Instead, they penned the Constitution of the United States of America, perhaps the most influential public document in a thousand years and one that was destined to greatly influence if not outright revolutionize the


This date has seen other events, some celebrated, even notorious, others perhaps unfamiliar though no less noteworthy for their historic moment.

Got a great idea? Want to protect your intellectual property? On May 25, 1790, Congress passed the country's first copyright law. President George Washington signed it six days later, so says the History Channel.

Is today your birthday? Doesn't really matter, but you may be interested to know Patty Smith Hill, who died this date in 1946 at the age of 78 has influenced every birthday you've ever had. You see, she wrote "Happy

Birthday To You." The song began as ditty for school children called "Good Morning To All." Hill's sister, Mildred Smith, composed the music.

According to a Web site called Recess, Hill had a long and distinguished career as an educator. Beginning as a kindergarten teacher in Louisville, Ky., she became an "indefatigable public advocate of and authority on progressive education," Recess said.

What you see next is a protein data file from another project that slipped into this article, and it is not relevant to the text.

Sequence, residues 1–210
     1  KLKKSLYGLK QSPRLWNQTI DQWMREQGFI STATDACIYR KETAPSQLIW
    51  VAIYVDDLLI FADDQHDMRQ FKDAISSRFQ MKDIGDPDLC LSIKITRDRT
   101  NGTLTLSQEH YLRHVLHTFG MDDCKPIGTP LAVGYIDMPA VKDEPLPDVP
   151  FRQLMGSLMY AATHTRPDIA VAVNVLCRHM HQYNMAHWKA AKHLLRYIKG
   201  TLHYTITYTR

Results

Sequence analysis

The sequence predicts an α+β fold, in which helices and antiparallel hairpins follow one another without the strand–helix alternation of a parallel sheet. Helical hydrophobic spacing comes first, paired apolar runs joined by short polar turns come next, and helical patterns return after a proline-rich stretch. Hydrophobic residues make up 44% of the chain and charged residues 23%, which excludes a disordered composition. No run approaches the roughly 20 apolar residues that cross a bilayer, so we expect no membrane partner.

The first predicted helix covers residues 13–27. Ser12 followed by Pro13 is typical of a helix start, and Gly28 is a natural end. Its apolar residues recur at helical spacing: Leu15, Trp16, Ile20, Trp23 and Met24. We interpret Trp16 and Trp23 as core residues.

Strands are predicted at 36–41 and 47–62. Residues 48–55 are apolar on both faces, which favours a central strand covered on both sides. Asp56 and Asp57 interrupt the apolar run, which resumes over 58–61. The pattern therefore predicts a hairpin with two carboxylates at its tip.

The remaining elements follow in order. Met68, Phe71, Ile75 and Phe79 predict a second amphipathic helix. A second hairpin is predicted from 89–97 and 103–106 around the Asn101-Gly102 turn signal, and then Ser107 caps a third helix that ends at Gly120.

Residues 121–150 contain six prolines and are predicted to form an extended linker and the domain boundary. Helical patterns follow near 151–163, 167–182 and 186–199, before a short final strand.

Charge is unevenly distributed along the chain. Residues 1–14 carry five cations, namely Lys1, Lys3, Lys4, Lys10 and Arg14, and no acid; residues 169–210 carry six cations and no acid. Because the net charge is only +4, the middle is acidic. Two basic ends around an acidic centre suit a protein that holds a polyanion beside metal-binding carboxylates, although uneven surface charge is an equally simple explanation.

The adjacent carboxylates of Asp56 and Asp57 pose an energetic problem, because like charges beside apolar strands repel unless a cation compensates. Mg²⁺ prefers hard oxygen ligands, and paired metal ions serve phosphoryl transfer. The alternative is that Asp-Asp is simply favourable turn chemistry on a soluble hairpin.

According to the Scope Systems "Any Day in History" Web site, the first record of a prediction of a solar eclipse occurred on this date in 585 B.C. That intrigued me, so I went hunting and found the Web site of the European Space Agency, which included a history of eclipses. It turns out there was one on May 28, 585.

A Yahoo search said that, indeed, it had been reported that the Greek philosopher and mathematician Thales of Miletus predicted the eclipse, on May 25. Thales noted that on the day of the eclipse, the moon's shadow crossed a battlefield, stopping a conflict between the Lydians and Medes. The Yahoo page cast some doubt as to the veracity of any claims to prediction, however.